Cave Tours Closed for Season
Cave Tours are closed for the winter. Tours will resume April 26, 2014. All trails on the monument remain open.
Crews are removing brush along highway 46 beginning in the lower parking lot and moving down the highway. Work is scheduled to last until April 20, 2014; expect delays.
Watersheds: Through the Mountain and to the Valley
Due to federal budget cuts this program is not offered in 2014. We encourage you to see what education programs are available via our Watershed program partner, the Siskiyou Field Institute. To schedule a field trip or find a program please visit their website and use the contact information presented: http://www.thesfi.
Watershed curriculum remains available to educators for their use as teaching tools.
Thank you and hope to see you in the Cave this year.
Oregon Caves partnered with Siskiyou Field Institute to provide Watershed: Through the Mountains and to the Valley
"I have toured the caves several times with my family but never with a clipboard, journal, and flashlight around my neck. Testing the water and looking at the rock formations as a scientist was more fun than [I had] as a tourist!” -Anonymous narrative from a local 6th grade student
This curriculum-based program gives students the opportunity for hands-on, scientific investigations of Illinois Valley watersheds. Cave Creek, flowing from the mouth of the cave at Oregon Caves National Monument (OCNM), is a headwater tributary to the Wild and Scenic Illinois River. Deer Creek joins the Illinois River near Siskiyou Field Institute's home, the Deer Creek Center (DCC). Students compare and contrast OCNM and DCC watersheds by examining topography, geology, and waterways by conducting water quality tests, practicing the scientific method, and determining stream health.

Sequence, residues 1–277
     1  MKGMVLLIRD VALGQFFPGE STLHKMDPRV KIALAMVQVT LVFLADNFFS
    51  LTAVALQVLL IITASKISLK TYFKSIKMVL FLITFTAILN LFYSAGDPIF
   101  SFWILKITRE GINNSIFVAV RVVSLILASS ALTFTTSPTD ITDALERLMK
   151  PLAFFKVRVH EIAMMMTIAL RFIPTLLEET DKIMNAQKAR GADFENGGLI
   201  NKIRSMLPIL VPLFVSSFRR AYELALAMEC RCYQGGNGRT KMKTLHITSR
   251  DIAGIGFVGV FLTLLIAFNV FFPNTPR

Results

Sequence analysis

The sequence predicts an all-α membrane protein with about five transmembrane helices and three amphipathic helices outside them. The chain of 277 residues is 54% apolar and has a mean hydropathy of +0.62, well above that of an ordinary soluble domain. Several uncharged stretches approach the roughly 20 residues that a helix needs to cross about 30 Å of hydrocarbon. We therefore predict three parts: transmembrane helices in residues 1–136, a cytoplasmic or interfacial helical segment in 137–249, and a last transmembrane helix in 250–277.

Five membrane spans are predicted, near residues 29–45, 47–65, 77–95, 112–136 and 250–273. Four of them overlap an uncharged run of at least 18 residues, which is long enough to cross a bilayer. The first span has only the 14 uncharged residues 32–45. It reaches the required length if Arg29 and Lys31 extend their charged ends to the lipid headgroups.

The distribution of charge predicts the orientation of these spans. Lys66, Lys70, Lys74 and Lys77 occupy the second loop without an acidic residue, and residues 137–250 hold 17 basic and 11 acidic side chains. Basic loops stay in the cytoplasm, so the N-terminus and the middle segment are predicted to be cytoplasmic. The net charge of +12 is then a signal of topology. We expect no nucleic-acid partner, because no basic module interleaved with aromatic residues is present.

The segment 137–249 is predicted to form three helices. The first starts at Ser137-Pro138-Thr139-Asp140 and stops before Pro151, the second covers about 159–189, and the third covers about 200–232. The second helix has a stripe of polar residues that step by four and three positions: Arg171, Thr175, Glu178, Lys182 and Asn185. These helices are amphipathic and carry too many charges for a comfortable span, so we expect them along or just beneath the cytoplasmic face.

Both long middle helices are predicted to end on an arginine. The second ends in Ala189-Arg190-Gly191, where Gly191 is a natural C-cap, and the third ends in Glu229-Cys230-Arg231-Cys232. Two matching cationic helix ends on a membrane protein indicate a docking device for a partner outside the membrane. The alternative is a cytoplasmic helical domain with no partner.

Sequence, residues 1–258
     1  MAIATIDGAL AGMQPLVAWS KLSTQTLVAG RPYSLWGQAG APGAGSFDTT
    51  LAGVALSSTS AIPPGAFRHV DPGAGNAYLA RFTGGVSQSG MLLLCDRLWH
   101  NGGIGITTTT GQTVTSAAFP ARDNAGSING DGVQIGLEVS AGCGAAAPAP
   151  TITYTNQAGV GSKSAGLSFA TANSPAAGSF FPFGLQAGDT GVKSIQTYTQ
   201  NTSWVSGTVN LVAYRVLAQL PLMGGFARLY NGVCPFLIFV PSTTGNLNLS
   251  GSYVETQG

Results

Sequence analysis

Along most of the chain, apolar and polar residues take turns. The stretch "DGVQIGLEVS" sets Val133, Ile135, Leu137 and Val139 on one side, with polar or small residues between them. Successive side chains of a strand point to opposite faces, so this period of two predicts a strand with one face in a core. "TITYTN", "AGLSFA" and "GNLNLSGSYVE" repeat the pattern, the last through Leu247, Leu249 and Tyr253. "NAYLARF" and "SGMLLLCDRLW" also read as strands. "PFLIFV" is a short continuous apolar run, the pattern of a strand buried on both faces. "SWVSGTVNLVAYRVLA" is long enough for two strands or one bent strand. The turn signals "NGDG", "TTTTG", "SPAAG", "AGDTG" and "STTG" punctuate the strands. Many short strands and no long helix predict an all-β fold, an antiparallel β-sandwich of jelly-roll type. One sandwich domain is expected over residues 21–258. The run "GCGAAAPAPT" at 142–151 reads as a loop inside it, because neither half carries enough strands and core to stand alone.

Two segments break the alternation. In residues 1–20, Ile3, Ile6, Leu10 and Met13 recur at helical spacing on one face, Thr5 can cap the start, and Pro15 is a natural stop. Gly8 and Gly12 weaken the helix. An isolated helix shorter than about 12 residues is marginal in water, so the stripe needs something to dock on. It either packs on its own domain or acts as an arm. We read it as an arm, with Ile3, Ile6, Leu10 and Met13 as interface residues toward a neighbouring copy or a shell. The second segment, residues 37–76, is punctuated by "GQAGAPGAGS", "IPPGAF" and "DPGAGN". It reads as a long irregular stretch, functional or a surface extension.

Watershed Lesson Plans
In the Classroom Before Outdoor Educators Visit...
Back in the Classroom...
Did You Know?
Scorpions fluoresce or glow under ultraviolet (UV) black light. They can glow electric green or blue. Scorpions fluoresce because they contain a fluorescent protein in the upper layer of their exoskeleton. This layer is like your fingernail, but even more protective and tough. The special protein inside is thought by scientists to serve as an ultraviolet sensitivity mechanism, perhaps allowing the scorpion to avoid burning itself by staying exposed too long to damaging light levels.